A listing of the contents of Hyper-V's default VHD directory

My first steps on managing Hyper-V through PowerShell

I’ve dodged Linux for way too long, but let’s face it: Linux’s kernel and it’s derivatives have won the war over Windows everywhere but the desktop (and laptop).

And while I have been dabbling with Ubuntu over WSL for over a year now, the reality is the current version of WSL has some serious limitations. Good thing is WSL 2 is on it’s way with support for a “real” Linux kernel in it.

Unfortunately, WSL 2 is still in preview so a couple of months ago when I’ve decided to up my game on Linux and it’s different distros, I choose to do so running VMs on top of Windows 10 1809’s Hyper-V.

So I’m back to fiddling with virtual machines after several years of basically ignoring them. Back then, I had a quite elaborate setup that allowed me to spin up multiple VMs at once on a laptop. I remember using differential disks heavily to conserve disk space on the host’s hard drive. For some reason I really don’t recall now, the VM’s configuration files and VHDs where stored at non-default locations. Maybe they were being copied to different hosts, which had different defaults.

Well, my current usage of virtual machines doesn’t justify the use of differential disks and I’m not moving those VMs around so, as a long time K.I.S.S. proponent, I’m sticking to the defaults for the time being.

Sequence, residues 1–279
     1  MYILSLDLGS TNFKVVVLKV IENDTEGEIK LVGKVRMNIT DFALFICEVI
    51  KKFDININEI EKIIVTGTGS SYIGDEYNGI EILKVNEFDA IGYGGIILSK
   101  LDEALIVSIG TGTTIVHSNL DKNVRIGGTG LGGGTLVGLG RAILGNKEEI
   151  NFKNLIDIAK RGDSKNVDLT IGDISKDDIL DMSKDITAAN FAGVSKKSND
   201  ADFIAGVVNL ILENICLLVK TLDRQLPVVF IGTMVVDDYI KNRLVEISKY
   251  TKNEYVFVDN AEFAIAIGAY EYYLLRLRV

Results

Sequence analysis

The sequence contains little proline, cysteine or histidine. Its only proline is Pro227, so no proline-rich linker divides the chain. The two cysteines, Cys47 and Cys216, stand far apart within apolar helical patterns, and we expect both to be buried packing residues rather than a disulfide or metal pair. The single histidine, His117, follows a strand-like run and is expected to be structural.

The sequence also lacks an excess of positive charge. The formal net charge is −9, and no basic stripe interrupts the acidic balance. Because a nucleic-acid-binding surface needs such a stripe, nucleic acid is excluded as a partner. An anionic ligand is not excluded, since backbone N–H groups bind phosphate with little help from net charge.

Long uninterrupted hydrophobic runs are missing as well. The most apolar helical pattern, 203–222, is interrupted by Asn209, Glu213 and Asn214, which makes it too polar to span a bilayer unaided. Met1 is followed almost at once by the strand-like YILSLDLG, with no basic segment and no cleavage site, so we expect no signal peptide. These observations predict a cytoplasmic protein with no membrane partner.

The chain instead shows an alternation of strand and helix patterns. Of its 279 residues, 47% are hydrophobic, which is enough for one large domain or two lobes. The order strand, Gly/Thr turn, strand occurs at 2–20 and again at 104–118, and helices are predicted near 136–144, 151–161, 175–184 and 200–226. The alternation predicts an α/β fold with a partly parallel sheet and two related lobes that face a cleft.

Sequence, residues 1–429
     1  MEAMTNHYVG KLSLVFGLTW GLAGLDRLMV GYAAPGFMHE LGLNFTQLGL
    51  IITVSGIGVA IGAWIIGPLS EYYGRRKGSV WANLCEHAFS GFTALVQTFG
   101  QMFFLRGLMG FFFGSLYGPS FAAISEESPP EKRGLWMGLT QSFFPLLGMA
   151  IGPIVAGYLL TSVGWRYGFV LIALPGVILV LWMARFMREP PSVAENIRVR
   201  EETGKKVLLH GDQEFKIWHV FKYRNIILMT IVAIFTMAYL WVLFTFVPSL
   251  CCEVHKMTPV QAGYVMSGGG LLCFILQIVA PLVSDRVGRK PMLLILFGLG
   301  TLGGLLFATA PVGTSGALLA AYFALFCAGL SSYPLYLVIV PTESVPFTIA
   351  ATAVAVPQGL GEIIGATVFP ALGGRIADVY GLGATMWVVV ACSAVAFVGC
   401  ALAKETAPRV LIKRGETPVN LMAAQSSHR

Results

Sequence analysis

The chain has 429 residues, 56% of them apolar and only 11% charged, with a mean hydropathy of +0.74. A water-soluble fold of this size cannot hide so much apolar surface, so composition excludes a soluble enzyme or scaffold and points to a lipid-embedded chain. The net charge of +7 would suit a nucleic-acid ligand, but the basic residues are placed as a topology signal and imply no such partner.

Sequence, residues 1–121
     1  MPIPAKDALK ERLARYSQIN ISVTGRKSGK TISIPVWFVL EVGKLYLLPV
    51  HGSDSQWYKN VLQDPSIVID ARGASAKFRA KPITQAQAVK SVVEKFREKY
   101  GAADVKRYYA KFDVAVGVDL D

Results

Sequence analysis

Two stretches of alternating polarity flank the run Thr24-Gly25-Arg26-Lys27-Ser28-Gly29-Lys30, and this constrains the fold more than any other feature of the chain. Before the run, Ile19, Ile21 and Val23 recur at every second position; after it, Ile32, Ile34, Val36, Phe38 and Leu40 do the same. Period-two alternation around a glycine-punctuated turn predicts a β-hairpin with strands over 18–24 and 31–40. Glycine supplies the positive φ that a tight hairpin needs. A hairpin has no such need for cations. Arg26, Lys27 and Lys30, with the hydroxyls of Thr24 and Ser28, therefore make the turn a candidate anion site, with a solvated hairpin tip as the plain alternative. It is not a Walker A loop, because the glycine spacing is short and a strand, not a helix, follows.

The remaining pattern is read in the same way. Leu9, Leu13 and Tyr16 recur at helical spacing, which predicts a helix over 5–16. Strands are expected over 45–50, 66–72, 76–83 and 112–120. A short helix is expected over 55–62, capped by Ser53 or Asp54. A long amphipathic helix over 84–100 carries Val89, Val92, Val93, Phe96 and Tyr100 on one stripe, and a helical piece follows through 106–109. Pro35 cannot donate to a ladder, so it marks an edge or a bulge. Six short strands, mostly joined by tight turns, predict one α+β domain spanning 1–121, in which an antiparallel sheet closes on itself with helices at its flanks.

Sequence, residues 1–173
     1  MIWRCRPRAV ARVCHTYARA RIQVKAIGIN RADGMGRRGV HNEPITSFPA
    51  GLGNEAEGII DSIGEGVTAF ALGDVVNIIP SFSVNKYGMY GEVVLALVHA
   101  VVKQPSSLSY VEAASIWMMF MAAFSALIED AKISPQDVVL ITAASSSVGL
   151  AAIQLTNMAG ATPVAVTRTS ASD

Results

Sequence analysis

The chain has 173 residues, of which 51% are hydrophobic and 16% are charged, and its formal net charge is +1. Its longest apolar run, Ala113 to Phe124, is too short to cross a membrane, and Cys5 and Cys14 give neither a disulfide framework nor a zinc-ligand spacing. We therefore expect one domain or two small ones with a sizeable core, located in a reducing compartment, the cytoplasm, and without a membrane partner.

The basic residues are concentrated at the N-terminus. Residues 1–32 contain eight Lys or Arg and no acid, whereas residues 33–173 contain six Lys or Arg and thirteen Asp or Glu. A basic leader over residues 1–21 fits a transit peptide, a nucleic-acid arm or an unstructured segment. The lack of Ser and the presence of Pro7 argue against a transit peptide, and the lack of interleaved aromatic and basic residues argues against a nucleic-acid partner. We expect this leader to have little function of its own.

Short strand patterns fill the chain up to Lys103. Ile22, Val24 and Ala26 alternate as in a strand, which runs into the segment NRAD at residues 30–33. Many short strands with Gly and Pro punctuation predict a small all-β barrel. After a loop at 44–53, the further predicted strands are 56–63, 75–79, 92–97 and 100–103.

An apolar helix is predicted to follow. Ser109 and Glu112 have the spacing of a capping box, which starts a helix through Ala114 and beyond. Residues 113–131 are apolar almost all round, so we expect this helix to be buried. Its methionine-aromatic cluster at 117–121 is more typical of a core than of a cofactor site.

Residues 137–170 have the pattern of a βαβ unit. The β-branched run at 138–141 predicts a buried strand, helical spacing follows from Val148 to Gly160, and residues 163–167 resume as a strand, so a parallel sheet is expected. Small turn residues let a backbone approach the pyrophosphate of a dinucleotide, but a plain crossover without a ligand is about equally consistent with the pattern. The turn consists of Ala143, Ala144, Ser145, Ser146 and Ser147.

During the first couple of days playing around, I had setup a handful of VMs using Hyper-V Manager, but that is kind of tedious and error-prone, so again, in the spirit of “Always Be Automating”, I started using PowerShell where possible so I could learn the commands and eventually codify the tasks involved in a script.

So here are the guest virtual machines I had setup:

PS C:\WINDOWS\system32> Get-VM | Select-Object Name
 Windows 10 dev environment

Unfortunately, all those virtual machines came at the cost of helping to exhaust the free space on the host’s local hard drive.

PS C:\Users> Get-PSDrive -PSProvider FileSystem
 Name           Used (GB)     Free (GB) Provider      Root
 ----           ---------     --------- --------      ----
 C                 879.83         36.93 FileSystem    C:\